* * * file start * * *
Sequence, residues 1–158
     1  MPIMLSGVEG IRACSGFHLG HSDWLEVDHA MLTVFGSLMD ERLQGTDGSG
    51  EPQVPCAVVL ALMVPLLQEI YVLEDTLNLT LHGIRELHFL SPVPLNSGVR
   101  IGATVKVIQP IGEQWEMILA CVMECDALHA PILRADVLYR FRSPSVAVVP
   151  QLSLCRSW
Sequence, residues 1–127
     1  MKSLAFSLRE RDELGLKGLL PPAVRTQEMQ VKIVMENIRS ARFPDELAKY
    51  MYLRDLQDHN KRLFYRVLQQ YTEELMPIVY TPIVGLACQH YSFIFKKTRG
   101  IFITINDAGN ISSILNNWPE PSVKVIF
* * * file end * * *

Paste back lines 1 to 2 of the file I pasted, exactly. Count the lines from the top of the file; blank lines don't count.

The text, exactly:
Sequence, residues 1–158
     1  MPIMLSGVEG IRACSGFHLG HSDWLEVDHA MLTVFGSLMD ERLQGTDGSG